The new Teacher Training Agency has promised a shake-up of in-service training and the funding for university education departments in its new corporate plan.
The plan, a self-conscious exercise in openness, sets out a long list of objectives and dates for achieving them. The new agency was set up amid controversy, and officials acknowledge the need to win the support of the teacher-training institutions they will be governing.
The agency promises to commission a study of funding to reward "quality and cost-effectiveness", a move which has already alarmed trainers in colleges and universities who are not accustomed to having their internal finances questioned. Earlier this year, TTA chairman Geoffrey Parker said that there is too great a variation in funding per trainee with no apparent link to quality. There will also be a review of continuing professional development with the introduction of "summative profiles" for newly-qualified teachers, and a more rigorous approach to in-service training.
Launching the document at a conference of school and university staff, Education Secretary Gillian Shephard returned to the theme of inadequate teachers, saying that some of them should leave the profession. "We must give credit to individual teachers. But we also know that there remains room for improvement. We know that there are still too many teachers who are delivering that stubborn core of unsatisfactory lessons about which HMI warn us year after year." The TTA, she said, has a central role in helping to raise standards.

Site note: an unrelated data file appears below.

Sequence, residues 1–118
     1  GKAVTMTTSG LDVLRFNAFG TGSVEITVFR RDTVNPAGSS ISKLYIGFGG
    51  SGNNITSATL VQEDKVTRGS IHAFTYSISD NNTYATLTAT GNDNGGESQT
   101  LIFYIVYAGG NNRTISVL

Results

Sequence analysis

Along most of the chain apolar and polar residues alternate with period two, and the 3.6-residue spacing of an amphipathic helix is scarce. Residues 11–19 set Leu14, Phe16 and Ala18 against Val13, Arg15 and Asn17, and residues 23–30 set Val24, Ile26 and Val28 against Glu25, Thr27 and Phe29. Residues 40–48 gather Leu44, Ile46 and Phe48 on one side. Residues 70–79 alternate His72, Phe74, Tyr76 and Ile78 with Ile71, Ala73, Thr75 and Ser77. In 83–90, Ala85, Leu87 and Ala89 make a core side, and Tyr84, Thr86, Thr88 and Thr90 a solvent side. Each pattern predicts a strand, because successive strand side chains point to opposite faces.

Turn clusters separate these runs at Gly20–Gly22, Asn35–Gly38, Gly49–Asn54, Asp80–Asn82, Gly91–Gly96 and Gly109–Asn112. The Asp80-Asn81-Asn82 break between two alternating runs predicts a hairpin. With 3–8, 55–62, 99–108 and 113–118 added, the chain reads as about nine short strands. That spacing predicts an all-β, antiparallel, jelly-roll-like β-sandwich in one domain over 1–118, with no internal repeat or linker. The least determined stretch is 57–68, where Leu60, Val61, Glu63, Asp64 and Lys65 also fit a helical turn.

She had earlier said that the weakest teachers identified by HMI are people who, in plain language, "should be leaving the profession". Poor teaching, she said, was not linked to a lack of resources. "I think that some people perhaps are ill equipped for the age group they're teaching and the subject they're teaching. In both these areas better targeted in-service money and GEST (Grants for Education Support and Training) money can help the matter."
"We can't afford in-service training funds to be spent in ways which are not clearly linked to school improvement," she told the conference. "We need to know which sort of in-service training work is best."
Local authority leaders were alarmed that this could spell the end of their involvement in professional development. Officials privately reassured them, however, that this is not planned.
The agency was set up under the 1993 Education Act. Its roles include funding all training courses; accrediting training institutions; promoting school-centred training courses; promoting teaching as a career; and commissioning practically geared research.
The document sets out the following deadlines: May 1995: Commission research into the teaching of literacy and numeracy.
June 1995: Produce guidance to school-centred training groups.
September 1995: Complete a study of the way student numbers are allocated and funded.
October 1995: Produce advice on partnerships in primary training.
October 1995: Devise a strategy for persuading more people to join the school-centred teacher training scheme.
November 1995: Pass on information about the benefits of involvement in teacher training.
January 1996: Pass on information about the allocation of money to partner schools.
April 1996: Disseminate information on effective approaches to training teachers.
Spring 1996: Develop strategies for an "appropriate balance" of school centred and denominational providers of training; of three-year and six-subject BEds; and specialist primary teachers, particularly at key stage 2.
Autumn 1996: Review the licensed and Overseas Trained and Registered scheme.